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Stranded Gambians in Paris explain ordeal

Aug 17, 2015, 12:07 PM | Article By: Alagie Jinkang in Paris

After spending tens of thousands of dalasis both on tangible and intangible things to prepare for their trip to Europe, many Gambians, mainly those unskilled and uneducated, are surprised that they could hardly even sustain their metabolism in Paris without begging.

Our Italy correspondent, who is currently on a study in Paris, said the condition of many Gambians in France or at least in Paris – specifically those at the Paris airport and the on streets in Paris – is not the best. 

Most of them do not even have a decent accommodation and could not afford a decent meal.

Bubacarr Fadera  had two of his father’s compounds and two cows sold for reaching Europe.  He offered three white sheep and a goat to marabouts to spiritually facilitate his journey.

Bubacarr, who is found begging at the airport in Paris, said he and many other Gambians live through begging the Whites and other African brothers for their survival.

He said he was in Italy for three years and later decided to leave for Paris, but “things are still not improving for me”.   He said he has been struggling to pay back the investment done on him, to enter Europe, but he has no hope of achieving that anytime sooner.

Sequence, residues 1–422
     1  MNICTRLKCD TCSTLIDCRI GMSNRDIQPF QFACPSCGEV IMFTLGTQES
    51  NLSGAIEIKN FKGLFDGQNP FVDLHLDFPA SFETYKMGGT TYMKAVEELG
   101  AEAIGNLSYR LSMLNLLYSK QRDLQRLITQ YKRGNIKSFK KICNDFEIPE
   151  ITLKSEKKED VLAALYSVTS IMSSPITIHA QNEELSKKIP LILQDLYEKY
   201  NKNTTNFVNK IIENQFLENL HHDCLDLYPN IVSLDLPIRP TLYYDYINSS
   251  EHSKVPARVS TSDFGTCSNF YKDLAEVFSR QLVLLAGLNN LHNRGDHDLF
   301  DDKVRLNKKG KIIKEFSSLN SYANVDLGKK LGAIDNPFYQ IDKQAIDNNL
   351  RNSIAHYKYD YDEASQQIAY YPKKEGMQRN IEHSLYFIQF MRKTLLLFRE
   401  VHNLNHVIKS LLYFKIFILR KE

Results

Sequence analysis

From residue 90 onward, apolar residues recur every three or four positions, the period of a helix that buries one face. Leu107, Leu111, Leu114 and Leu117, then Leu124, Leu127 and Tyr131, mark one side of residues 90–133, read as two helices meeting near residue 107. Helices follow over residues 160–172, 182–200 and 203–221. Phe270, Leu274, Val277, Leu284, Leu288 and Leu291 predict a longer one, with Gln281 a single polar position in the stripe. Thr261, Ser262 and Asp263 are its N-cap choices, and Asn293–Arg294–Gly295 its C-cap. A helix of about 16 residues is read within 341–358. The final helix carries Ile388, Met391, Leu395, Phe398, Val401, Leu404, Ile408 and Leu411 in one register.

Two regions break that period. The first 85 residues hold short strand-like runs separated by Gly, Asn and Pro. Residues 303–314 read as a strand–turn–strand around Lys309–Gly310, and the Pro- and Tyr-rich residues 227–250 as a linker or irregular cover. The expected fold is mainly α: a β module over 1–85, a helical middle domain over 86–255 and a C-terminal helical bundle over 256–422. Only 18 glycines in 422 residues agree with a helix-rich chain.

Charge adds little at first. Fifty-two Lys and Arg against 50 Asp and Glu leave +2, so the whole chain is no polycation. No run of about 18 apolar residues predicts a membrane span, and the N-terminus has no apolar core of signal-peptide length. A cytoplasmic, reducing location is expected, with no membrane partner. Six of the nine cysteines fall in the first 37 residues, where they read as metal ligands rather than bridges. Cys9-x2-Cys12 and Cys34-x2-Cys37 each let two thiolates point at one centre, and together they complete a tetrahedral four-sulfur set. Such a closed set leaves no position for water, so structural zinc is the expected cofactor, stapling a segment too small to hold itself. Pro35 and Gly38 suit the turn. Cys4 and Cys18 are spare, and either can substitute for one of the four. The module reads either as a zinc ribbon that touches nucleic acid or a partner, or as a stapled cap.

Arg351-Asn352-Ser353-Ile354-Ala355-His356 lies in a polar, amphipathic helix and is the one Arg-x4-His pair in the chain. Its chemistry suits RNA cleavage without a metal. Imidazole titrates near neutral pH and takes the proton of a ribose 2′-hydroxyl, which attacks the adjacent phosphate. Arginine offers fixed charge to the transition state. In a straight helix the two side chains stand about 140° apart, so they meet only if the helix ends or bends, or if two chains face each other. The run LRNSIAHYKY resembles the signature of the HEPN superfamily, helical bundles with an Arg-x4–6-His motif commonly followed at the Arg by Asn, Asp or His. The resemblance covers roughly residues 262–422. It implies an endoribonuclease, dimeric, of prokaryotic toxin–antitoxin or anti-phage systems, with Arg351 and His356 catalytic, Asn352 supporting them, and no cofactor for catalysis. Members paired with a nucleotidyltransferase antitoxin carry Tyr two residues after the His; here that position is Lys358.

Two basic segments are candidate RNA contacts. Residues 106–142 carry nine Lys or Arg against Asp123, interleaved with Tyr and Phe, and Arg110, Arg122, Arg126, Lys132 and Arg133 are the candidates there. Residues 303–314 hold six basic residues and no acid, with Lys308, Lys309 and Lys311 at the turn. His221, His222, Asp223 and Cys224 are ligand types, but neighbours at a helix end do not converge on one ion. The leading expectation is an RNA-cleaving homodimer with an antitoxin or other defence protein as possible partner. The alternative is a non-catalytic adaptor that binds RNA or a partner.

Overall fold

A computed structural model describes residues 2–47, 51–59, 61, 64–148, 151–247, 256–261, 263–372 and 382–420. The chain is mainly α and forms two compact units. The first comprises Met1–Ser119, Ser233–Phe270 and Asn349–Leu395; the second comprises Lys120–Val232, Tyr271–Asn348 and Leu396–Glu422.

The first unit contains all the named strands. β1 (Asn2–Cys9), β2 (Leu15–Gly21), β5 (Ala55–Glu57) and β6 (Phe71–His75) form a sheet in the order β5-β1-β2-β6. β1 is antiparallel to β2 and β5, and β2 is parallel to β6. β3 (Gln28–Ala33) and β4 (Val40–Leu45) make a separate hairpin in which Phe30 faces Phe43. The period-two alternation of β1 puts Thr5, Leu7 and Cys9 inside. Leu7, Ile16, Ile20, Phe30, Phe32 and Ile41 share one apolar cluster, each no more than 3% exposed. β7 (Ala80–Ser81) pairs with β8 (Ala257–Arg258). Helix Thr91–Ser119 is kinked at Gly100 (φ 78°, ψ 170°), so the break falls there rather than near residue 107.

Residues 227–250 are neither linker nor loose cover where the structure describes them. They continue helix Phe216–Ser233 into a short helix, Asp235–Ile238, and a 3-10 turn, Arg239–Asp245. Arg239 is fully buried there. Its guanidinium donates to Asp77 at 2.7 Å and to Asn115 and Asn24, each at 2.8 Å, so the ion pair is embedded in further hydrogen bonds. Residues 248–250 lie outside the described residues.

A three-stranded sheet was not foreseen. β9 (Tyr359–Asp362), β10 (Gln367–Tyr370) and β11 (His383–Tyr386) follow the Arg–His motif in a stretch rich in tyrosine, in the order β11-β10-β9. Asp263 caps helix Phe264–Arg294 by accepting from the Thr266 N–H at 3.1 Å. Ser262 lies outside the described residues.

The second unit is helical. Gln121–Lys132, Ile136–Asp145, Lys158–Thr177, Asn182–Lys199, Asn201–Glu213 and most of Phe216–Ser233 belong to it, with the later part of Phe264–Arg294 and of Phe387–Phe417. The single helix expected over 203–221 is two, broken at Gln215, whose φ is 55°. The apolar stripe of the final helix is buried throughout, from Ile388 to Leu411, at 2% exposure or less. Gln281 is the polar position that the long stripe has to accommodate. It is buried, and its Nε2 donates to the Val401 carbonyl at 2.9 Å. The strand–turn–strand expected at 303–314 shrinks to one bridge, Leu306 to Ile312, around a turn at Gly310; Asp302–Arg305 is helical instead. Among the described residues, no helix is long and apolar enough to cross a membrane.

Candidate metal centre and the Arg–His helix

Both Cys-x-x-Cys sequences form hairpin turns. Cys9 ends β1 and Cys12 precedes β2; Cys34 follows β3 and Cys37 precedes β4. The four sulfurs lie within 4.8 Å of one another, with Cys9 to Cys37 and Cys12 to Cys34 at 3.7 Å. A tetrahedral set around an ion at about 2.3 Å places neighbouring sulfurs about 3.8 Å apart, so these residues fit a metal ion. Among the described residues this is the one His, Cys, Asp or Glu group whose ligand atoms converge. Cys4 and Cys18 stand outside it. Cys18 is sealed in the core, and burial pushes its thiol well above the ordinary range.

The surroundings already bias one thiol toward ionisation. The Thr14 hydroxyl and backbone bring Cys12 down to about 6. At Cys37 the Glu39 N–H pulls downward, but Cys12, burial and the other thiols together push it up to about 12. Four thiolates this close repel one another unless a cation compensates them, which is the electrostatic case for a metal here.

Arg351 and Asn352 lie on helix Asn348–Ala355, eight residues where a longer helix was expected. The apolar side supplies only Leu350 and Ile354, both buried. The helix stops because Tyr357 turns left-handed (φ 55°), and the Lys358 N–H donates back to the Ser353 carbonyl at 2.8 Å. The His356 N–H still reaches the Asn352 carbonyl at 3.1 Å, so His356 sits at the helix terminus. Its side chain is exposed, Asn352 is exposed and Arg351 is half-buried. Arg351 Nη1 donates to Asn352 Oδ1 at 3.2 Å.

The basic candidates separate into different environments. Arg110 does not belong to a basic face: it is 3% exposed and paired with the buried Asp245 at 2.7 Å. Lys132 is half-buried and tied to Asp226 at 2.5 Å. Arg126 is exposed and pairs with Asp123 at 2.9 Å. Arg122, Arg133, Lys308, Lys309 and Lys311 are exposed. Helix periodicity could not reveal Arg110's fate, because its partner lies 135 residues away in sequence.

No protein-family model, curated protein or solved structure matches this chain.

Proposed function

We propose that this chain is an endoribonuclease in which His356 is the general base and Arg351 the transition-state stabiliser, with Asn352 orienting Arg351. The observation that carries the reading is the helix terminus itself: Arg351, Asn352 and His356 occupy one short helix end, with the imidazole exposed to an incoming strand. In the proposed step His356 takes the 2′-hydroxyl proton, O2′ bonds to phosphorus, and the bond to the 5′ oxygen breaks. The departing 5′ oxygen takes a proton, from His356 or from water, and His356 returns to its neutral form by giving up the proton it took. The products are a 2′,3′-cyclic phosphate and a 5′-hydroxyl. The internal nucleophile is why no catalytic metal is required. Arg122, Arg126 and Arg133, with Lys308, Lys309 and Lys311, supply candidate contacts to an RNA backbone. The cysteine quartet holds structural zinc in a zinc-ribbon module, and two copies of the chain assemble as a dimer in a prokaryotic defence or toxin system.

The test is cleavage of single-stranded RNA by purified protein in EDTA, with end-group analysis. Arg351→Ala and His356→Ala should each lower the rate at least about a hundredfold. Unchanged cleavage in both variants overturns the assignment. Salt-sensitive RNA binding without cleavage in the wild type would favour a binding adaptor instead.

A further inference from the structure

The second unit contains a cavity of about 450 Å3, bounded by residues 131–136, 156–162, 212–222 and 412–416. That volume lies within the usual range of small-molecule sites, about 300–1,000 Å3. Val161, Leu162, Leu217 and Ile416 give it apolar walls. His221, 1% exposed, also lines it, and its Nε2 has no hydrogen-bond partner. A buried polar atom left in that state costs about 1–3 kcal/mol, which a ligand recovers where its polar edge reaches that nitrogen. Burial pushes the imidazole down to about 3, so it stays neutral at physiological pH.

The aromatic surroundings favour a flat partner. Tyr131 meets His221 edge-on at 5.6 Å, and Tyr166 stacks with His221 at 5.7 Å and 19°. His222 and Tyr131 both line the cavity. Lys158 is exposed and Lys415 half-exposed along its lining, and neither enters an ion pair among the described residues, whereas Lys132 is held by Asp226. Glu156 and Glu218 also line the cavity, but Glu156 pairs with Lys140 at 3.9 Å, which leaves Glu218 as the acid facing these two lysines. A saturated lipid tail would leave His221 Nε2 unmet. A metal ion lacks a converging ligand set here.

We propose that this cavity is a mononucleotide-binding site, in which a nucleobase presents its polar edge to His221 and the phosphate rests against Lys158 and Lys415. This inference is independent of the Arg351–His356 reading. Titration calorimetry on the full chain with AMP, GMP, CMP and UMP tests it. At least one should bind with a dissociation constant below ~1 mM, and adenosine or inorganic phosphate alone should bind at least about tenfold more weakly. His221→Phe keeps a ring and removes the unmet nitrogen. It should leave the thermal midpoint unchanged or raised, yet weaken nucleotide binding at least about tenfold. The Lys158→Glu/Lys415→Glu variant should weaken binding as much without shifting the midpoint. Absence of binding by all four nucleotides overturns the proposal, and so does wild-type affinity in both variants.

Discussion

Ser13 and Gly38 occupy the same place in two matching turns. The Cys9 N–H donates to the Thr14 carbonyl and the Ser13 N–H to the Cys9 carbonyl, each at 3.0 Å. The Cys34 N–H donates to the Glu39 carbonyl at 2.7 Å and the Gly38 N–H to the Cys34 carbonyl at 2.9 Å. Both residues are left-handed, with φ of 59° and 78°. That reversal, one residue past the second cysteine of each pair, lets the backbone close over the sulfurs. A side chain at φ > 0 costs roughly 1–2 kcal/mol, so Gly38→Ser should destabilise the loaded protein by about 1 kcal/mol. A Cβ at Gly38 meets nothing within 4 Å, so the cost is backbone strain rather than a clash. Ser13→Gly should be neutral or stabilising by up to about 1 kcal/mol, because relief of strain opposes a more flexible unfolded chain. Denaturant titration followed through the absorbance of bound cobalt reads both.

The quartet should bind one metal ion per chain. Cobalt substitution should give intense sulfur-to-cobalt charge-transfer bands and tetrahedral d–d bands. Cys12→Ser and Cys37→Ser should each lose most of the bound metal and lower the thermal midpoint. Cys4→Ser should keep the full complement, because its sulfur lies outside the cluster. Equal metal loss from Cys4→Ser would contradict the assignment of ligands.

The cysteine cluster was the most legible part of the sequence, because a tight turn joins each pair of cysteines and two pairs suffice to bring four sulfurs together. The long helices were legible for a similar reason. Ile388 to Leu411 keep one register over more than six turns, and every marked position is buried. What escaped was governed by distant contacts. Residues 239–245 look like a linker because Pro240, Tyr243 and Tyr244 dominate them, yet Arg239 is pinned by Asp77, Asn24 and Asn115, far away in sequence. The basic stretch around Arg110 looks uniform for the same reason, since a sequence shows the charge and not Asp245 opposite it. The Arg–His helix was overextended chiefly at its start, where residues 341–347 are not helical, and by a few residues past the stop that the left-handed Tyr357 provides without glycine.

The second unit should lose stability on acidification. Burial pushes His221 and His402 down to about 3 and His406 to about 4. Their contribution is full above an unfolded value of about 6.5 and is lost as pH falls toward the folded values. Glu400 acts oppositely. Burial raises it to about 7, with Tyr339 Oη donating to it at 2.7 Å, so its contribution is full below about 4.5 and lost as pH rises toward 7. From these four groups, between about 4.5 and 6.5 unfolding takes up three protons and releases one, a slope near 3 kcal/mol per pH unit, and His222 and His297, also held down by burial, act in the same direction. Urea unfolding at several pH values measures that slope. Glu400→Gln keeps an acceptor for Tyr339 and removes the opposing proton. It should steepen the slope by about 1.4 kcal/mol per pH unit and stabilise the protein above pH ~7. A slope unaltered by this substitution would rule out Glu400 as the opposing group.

The number of beggars at Paris airport is alarming but many are sub-Saharan Africans.  The airport staff said a lot of them (beggars) spend their lives at the airport “telling lies” even to those who knew them.

An African-French man described the beggars as shame to Africa and to any clean human being.  “They dirty the places and do not follow any rules or regulations.”

A colleague of Mr Fadera lamented:  “I have nothing and have spent the last wealth of my family to Europe.”

A Gambian in his mid 40s said: “I do not want to be identified here (in France) because my people must have thought I am dead by now.  I travelled around five countries including France in 20 years.  I have not contacted my family in The Gambia for the last 17 years.  So I am sure they might think I am dead by now, but I am living.  Many of us do what we do because there is no other alternative.”

The man said he started begging at the Paris airport for a flight to go home, but now he is counting 17 years in the activity.

Apparently, the streets of Paris seemingly favour Gambian boys. “We can smoke, urinate, beg and do what we want here without paying anything. The only thing is we risk being arrested and, at worse, imprisoned by the police; but that is when they catch us.  What else can we do without a house or job,” a group of Gambian boys in the street of Paris said.

The majority of Gambians in Paris, at least those at the airport and in the streets, could not come back, simply because they do not even have the cost of a one-way ticket to Banjul. 

A lot more intentionally do not want to come back, because they are reluctant to come back to face their families empty-handed.